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Privacy statement - Terms and conditions

data protection: preparing for Brexit

9 October 2019

Although there is uncertainty about what arrangements will apply when the UK leaves the EU, there are a number of practical steps that can be taken now to prepare from a data protection perspective and to ensure that any data flows to and from the EU can continue post Brexit.

  1. Understand your data flows.

    As part of preparing for the General Data Protection Regulation 2016/679 coming into force in May 2018, your organisation will have carried out a data mapping exercise. If this is up-to-date then you will be able to use this to assess to what extent your organisation will be impacted by Brexit. Where this is not up-to-date then this is a good opportunity to review it and update it.

    The key is to identify any data flows to and, more importantly, from countries in the EU. Even if you do not think information is being transferred you will need to carefully consider your data processing arrangements and any sub-processing arrangements.

    After Brexit, countries in the EU who are transferring personal data to the UK will need to comply with the international transfer provisions in the GDPR, until an adequacy decision is made by the European Commission in respect of the UK. In most cases this will be by using the Standard Contractual clauses.

  2. Consider whether the territorial scope provisions in Article 3 of the GDPR mean that your organisation will need to appoint an EU representative and , if so, take steps to identify and appoint an appropriate representative.

  3. Understand what policies, procedures and other documents may need revising following Brexit.

  4. Regardless of the type of Brexit, the Data Protection Act 2018 will remain in force as this is domestic legislation. In terms of the GDPR, the Government has passed regulations that mean the GDPR will be incorporated directly into UK law (becoming the “UK GDPR”) and operating alongside the DPA 2018. If we Brexit with a ‘deal’ then there is likely to be a transition period where the GDPR will apply before we move to fully domestic arrangements. This may potentially allow for more detailed arrangements to be agreed to govern the transfer of data from the EU to the UK.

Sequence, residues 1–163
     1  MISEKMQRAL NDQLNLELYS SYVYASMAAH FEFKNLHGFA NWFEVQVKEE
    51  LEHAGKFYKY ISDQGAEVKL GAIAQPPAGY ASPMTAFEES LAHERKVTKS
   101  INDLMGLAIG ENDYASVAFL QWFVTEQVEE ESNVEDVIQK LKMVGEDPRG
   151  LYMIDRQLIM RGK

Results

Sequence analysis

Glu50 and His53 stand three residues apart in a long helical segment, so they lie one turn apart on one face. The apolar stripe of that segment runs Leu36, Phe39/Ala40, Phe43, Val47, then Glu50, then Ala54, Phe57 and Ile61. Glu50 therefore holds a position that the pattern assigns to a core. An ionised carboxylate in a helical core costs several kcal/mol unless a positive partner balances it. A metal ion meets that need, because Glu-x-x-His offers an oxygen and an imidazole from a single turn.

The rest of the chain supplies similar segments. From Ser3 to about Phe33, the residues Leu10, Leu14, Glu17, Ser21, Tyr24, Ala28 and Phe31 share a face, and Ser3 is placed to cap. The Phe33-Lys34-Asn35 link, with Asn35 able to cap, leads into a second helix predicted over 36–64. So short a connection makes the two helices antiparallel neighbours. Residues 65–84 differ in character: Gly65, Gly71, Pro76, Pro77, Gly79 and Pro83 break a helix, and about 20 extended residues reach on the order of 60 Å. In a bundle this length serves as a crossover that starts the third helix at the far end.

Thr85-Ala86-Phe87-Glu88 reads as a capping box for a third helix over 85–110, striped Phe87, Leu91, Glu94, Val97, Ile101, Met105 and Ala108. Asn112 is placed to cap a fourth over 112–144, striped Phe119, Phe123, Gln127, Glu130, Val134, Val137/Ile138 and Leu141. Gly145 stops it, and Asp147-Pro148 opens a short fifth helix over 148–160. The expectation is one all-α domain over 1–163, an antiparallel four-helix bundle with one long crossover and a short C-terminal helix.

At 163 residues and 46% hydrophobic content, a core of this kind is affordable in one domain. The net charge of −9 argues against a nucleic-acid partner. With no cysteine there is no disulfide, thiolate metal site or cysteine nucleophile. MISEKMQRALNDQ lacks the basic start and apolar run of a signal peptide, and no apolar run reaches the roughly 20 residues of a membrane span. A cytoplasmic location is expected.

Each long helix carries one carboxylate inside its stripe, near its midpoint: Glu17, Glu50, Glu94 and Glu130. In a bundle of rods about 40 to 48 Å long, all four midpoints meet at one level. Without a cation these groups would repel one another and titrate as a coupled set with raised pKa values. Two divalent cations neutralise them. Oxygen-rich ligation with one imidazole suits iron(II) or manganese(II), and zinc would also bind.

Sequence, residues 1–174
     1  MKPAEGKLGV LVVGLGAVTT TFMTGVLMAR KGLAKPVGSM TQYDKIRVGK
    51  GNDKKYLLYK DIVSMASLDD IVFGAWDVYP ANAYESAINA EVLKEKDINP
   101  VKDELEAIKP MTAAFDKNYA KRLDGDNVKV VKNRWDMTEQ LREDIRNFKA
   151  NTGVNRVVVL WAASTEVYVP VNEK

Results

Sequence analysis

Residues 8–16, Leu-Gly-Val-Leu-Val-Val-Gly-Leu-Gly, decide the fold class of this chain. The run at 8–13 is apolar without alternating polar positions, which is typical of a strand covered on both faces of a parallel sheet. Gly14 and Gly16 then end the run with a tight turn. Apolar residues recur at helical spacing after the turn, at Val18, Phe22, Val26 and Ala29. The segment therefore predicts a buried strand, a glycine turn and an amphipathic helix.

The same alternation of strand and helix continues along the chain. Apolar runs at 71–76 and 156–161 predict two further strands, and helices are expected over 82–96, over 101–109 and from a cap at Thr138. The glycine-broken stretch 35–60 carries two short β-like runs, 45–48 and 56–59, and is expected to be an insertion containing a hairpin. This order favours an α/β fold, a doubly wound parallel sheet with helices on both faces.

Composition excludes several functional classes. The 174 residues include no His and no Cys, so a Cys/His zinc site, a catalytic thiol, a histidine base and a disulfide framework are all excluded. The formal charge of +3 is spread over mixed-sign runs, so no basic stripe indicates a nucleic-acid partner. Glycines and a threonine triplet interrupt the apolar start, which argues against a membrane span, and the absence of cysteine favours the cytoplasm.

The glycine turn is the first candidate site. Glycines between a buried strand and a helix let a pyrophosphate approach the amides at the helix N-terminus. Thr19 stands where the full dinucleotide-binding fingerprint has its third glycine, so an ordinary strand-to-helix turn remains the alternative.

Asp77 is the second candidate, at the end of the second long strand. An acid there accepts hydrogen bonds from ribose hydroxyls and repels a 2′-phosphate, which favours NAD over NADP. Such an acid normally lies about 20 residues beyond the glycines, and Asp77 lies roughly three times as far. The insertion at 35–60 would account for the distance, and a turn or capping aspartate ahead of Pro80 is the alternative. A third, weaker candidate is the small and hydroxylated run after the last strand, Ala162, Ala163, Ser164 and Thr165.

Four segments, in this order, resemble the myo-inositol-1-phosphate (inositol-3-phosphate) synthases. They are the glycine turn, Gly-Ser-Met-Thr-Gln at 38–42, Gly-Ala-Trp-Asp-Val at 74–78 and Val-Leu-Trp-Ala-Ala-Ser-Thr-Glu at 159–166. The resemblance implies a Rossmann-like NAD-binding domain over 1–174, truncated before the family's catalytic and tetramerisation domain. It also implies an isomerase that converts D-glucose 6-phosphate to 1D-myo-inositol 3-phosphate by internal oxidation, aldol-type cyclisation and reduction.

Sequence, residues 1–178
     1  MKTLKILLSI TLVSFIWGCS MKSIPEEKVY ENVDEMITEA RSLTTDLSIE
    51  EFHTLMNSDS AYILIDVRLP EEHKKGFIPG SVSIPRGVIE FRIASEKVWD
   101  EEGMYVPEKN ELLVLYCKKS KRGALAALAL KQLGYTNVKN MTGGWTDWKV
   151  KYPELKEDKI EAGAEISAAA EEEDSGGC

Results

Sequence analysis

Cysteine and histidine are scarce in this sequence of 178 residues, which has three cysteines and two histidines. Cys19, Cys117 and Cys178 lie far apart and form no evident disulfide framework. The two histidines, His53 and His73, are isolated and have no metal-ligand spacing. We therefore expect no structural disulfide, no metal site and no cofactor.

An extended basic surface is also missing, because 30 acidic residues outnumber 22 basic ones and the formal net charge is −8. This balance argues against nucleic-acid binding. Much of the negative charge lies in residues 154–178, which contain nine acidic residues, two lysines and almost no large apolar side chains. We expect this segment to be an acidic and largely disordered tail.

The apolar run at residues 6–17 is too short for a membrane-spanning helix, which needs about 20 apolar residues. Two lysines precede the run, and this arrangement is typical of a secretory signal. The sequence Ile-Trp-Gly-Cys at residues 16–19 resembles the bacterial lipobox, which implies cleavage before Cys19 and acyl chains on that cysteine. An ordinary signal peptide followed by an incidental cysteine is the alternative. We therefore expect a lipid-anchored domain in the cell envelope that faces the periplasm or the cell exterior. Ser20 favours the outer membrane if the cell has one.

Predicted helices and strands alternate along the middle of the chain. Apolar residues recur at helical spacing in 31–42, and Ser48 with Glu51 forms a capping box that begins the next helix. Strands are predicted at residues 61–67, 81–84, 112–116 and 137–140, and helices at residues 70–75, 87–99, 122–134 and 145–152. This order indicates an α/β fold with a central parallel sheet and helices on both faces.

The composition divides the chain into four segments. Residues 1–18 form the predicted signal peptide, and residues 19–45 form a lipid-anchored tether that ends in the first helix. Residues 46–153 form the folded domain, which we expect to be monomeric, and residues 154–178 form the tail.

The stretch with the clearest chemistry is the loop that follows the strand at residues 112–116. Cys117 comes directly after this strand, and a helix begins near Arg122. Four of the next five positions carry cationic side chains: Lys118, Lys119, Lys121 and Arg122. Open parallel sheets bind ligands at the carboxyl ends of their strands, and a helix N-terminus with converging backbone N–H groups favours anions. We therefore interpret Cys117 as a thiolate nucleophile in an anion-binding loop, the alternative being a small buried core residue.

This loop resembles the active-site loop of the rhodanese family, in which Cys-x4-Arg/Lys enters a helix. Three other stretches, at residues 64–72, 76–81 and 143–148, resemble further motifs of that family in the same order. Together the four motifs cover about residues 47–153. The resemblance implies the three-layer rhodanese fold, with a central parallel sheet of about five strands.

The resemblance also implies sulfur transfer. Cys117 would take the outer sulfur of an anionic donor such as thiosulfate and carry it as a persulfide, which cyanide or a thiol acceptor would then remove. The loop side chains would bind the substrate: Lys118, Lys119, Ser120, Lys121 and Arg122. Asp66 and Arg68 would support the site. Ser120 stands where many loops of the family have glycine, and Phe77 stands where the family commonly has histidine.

In any event, priority should be given to updating privacy notices and other data subject facing documents so that they can continue to understand how to exercise their data subject rights and to ensure you can continue to demonstrate compliance with your transparency obligations.

  5. Maintain a watching brief to ensure that you are aware of important developments and any new guidance that is published.

  6. Finally, the Information Commissioner’s Office has published guidance to assist organisations with preparing for Brexit, including recent guidance aimed and small and medium organisations. Being familiar with this guidance and following it where appropriate will help your organisation to prepare and ensure you can meet your accountability obligations under the GDPR.

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The content on this page is provided for the purposes of general interest and information. It contains only brief summaries of aspects of the subject matter and does not provide comprehensive statements of the law. It does not constitute legal advice and does not provide a substitute for it.

Charlotte Harpin

Charlotte Harpin

Senior Associate (New Zealand Qualified)

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